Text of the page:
Michelle Rolfe, from Birds of Paradise, sits in her wheelchair with her attention focused on Brazilian actress/educator, Mariana Ayelen, who is sitting alongside her at an angle and is signing. Michelle wears a black and white blouse and jeans and Mariana is dressed in bright blue t-shirt with purple trousers.  A multi-coloured tunnel can be seen in the otherwise white background.  ©

@Instituto Tomie Ohtake, 2019.


Birds of Paradise (BOP) is Scotland’s first disability-led touring theatre company employing disabled and non-disabled actors. 

Over nearly three decades of existence, the company has established itself as key player in the disability arts scene in the UK, extensively recognised for commissioning and producing outstanding new work, creating positive images of inclusion and encouraging participation in the arts.

BOP’s widespread reputation at home and abroad resulted in a recent invitation from Instituto Tomie Ohtake in Brazil, to participate in the 6th International Congress on Education and Accessibility in Museums and Galleries. The gathering took place in São Paulo, from 27 - 30 November 2019 and BOP’s participation was enabled by the British Council/Creative Scotland Partnership.

A delegation of three from BOP, composed of Michelle Rolfe (Producer), Mairi Taylor (Executive Producer) and Callum Madge (Engagement & Office Manager), joined representatives from museums and galleries from countries all over the world, including France, Mexico, Spain, Japan. 

The Scottish group were able to share their expertise by delivering a 30-minute presentation looking at Participation and Representation of People with Disabilities, held at Itaú Cultural.

The delegation also presented a three-hour workshop to an audience of 38 people at Instituto Tomie Ohtake, focussing on actions cultural organisations and artists can take to make their organisations more accessible to working with disabled people.

In addition to the opportunities to impart their arts and disability proficiency, the BOP delegation experienced a truly mutual journey forging new working relationships within the Brazilian accessible arts sector including theatre company O Grão and The Memorial da Resistência museum. 

Collaborating with Tomie Ohtakie Institute and British Council Brazil on the visit, also allowed BOP to cement those relationships.  ‘We are planning to talk to Tomie Ohtakie about translating the presentation and some of our toolkits so that these can be circulated and used by Brazilian companies’ (Birds of Paradise, February 2020).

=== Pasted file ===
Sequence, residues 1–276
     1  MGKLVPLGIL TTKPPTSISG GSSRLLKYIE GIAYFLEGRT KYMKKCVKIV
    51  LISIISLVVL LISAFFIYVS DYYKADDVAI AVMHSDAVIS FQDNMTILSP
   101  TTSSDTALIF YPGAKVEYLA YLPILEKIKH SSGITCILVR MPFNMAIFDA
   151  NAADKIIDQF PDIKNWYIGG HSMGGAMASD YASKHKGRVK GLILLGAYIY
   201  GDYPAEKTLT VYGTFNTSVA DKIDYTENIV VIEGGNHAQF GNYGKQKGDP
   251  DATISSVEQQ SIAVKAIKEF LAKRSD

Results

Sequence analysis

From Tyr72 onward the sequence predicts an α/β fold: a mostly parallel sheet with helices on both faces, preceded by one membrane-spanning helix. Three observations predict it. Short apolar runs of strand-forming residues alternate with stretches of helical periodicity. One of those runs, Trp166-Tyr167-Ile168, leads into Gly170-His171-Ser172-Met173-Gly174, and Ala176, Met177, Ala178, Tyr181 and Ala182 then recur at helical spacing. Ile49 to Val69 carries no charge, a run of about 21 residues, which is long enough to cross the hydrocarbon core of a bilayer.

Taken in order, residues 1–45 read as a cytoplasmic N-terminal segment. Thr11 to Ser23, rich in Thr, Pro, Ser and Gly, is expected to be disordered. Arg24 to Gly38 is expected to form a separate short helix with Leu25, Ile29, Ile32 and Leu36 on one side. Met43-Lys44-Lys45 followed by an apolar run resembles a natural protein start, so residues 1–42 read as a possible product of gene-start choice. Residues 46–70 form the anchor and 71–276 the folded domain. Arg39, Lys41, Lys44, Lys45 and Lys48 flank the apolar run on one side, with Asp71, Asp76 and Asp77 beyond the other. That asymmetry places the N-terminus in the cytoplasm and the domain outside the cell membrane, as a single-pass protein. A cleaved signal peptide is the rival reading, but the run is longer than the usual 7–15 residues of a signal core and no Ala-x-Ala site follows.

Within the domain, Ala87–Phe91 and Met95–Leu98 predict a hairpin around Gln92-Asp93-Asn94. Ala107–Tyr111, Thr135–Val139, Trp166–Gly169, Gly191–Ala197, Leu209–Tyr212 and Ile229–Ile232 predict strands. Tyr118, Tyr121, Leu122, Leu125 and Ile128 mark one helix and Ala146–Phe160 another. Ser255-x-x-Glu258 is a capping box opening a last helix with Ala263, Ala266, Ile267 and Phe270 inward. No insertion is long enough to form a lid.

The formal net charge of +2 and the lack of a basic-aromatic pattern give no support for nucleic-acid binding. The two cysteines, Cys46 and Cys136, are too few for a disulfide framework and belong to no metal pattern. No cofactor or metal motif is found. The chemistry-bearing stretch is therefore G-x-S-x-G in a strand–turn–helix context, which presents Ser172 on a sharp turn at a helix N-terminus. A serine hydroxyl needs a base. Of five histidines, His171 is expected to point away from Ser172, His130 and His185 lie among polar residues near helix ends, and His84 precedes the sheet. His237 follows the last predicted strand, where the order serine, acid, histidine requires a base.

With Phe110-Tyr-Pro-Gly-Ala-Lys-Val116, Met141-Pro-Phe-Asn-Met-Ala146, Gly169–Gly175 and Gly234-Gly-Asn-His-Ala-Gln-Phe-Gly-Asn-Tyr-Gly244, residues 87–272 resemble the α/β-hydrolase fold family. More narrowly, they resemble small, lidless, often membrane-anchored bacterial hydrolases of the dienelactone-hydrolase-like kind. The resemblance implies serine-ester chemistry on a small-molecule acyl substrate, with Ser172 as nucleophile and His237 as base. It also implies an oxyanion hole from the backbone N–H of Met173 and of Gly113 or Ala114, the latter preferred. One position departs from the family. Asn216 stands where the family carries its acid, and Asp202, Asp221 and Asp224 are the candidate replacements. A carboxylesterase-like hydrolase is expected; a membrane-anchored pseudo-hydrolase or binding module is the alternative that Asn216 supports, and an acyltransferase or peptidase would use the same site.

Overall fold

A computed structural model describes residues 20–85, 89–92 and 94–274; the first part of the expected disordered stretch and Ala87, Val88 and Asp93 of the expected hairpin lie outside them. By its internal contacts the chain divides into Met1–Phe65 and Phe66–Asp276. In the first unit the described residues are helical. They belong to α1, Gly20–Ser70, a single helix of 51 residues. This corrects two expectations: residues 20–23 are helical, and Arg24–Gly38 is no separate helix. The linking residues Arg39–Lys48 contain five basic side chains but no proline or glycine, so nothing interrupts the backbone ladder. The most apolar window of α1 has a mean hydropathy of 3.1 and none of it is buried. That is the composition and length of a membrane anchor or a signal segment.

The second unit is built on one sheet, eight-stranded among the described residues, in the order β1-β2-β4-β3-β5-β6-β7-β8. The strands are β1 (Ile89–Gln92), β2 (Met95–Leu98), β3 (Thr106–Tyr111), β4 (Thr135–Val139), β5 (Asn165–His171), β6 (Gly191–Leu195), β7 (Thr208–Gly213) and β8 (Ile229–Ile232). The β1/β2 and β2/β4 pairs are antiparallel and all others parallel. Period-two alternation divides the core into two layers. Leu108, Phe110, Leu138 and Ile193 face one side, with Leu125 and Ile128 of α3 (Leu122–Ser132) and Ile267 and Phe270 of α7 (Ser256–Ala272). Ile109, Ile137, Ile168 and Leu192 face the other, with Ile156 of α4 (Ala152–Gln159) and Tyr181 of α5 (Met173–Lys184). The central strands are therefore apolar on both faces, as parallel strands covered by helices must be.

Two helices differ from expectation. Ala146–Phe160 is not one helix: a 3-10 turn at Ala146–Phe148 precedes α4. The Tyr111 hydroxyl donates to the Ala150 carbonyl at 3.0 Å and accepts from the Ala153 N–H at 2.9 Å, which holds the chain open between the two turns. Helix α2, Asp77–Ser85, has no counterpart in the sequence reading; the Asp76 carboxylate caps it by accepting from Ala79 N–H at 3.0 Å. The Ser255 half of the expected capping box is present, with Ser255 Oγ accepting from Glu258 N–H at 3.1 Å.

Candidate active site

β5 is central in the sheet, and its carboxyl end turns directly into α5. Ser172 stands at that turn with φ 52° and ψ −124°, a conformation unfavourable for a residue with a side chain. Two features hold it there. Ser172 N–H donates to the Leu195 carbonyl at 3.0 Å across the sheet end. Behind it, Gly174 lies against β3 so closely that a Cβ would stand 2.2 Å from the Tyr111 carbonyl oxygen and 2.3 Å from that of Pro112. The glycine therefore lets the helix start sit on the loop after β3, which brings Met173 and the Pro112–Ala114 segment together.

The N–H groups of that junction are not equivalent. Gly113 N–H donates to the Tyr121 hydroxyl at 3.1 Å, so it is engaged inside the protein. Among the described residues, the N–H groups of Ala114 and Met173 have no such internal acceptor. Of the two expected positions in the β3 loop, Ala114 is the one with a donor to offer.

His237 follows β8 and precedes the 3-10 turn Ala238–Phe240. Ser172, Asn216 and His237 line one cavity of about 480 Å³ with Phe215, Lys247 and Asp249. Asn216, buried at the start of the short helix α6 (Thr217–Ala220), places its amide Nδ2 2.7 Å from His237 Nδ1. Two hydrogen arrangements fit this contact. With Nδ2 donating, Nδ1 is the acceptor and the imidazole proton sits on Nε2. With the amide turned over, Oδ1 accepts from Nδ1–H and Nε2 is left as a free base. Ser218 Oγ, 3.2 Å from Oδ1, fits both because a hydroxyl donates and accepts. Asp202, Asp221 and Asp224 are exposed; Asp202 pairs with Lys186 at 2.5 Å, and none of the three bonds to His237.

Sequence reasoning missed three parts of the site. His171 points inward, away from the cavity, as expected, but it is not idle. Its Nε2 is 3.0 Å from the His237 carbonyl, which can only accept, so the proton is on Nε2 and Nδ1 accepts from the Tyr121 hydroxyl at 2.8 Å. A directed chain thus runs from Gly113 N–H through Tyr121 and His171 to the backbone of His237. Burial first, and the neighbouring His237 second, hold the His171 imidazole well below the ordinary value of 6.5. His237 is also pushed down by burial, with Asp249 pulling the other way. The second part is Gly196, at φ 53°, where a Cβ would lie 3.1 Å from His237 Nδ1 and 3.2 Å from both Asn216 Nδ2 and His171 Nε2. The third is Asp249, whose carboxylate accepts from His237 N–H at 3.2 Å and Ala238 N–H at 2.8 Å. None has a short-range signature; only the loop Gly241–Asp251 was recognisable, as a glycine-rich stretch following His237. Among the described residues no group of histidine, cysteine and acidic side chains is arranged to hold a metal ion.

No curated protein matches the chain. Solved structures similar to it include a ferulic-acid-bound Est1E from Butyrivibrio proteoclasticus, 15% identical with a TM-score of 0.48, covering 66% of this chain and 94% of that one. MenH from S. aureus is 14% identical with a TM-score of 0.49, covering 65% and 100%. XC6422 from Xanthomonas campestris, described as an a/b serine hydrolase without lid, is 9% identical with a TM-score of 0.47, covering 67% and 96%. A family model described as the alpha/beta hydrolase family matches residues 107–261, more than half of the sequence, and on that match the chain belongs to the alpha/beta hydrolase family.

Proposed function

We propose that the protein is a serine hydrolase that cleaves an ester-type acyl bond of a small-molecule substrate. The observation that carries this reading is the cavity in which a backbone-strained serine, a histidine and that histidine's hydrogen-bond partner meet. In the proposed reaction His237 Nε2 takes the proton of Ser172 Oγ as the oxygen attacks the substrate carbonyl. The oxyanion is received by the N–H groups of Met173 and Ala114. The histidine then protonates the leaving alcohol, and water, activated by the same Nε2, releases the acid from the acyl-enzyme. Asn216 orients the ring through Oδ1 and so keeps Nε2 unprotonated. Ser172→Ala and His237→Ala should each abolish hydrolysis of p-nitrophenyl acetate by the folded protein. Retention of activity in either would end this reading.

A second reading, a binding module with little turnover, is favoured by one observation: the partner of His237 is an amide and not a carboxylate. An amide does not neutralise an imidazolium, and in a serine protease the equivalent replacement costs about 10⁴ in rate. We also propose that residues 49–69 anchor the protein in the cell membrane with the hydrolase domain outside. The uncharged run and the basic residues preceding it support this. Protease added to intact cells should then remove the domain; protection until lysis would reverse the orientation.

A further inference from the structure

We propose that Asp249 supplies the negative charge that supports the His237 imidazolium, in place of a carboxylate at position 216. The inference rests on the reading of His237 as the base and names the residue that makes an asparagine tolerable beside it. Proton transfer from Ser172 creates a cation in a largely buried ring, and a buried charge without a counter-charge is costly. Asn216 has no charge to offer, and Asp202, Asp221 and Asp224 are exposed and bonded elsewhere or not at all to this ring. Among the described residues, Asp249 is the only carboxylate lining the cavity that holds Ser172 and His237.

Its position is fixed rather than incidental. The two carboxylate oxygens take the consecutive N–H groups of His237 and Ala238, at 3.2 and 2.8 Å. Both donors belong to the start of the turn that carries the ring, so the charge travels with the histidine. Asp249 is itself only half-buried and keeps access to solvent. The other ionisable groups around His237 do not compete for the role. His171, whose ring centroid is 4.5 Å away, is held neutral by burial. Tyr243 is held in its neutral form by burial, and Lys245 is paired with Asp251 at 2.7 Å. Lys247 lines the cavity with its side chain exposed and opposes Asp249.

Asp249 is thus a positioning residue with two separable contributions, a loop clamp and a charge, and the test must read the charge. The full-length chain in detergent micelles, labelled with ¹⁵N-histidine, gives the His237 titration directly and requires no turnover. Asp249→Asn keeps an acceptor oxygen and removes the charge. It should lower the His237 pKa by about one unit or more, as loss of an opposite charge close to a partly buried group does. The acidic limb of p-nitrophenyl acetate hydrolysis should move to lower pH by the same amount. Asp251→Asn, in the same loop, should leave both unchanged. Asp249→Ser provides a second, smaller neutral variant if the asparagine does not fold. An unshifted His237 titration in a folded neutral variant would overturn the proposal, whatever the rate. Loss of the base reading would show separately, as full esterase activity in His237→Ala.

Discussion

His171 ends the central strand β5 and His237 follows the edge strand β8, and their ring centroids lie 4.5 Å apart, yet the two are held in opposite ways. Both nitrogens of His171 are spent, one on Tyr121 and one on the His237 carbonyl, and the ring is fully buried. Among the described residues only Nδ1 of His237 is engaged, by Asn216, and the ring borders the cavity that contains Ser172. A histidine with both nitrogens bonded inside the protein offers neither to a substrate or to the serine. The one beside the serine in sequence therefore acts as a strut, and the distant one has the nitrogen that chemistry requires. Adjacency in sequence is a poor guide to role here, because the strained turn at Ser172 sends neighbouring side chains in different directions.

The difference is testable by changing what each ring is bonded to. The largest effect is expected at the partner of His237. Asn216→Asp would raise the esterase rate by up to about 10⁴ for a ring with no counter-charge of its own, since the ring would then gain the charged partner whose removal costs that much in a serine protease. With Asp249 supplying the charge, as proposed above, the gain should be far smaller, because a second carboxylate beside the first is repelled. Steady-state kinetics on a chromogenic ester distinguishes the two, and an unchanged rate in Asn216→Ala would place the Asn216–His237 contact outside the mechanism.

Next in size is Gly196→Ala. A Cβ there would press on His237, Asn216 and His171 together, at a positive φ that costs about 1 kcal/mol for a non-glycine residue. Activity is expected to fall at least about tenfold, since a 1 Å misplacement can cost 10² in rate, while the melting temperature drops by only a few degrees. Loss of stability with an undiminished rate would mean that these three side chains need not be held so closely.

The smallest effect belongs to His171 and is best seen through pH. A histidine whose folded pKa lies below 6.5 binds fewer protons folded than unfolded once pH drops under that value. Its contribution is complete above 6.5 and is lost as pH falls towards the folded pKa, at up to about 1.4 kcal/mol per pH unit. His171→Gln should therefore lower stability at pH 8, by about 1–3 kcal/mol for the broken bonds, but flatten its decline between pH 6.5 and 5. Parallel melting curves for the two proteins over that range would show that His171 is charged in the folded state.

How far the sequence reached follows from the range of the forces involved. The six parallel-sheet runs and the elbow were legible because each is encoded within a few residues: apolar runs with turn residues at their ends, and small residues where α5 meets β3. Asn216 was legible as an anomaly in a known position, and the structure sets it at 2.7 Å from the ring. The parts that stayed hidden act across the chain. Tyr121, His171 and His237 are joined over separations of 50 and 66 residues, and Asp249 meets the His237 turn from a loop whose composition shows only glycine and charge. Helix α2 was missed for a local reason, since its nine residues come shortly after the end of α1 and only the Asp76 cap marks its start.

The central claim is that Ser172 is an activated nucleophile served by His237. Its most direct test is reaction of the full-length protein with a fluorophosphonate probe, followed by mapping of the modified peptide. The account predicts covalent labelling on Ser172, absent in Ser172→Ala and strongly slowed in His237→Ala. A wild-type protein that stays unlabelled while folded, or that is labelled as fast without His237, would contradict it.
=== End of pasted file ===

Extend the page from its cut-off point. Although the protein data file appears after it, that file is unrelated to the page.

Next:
For the Scottish theatre company, this opportunity also further reinforced the team’s own confidence and ability to successfully deliver on one of its strategic key areas of action (BOP Strategic). 

‘We continue to increase our capacity as a company to deliver training, consultation and advocacy activity internationally by delivering across the staff team to broaden everyone’s skill base. We are no longer reliant on only one or two team members being able to work at this level, which means we are able to respond to requests for work that generate income more readily while also ensuring the core activity of the company, making theatre, is safeguarded.’ (Birds of Paradise, February 2020). 

A bilingual video-documentation of the workshop moderated by the BOP team has recently been released by Instituto Tomie Ohtakie as part of their web series Corpos Divergentes (Divergent Bodies). In it, Michelle Rolfe and Brazilian actress/educator Mariana Ayelen expand on the themes of how bodies can interact with different sensorial and physical stimuli. 

The video gains more relevance under the current covid-19 context, where we celebrated International Museums Day digitally (18 May) under the banner “Museums for Equality: Diversity and Inclusion”; at the same time that the #WeShallNotBeRemoved campaign is being launched, creating a forum to advocate, campaign and support UK-based D/deaf, neurodiverse and disabled creative practitioners and organisations through and after COVID.

Watch the video now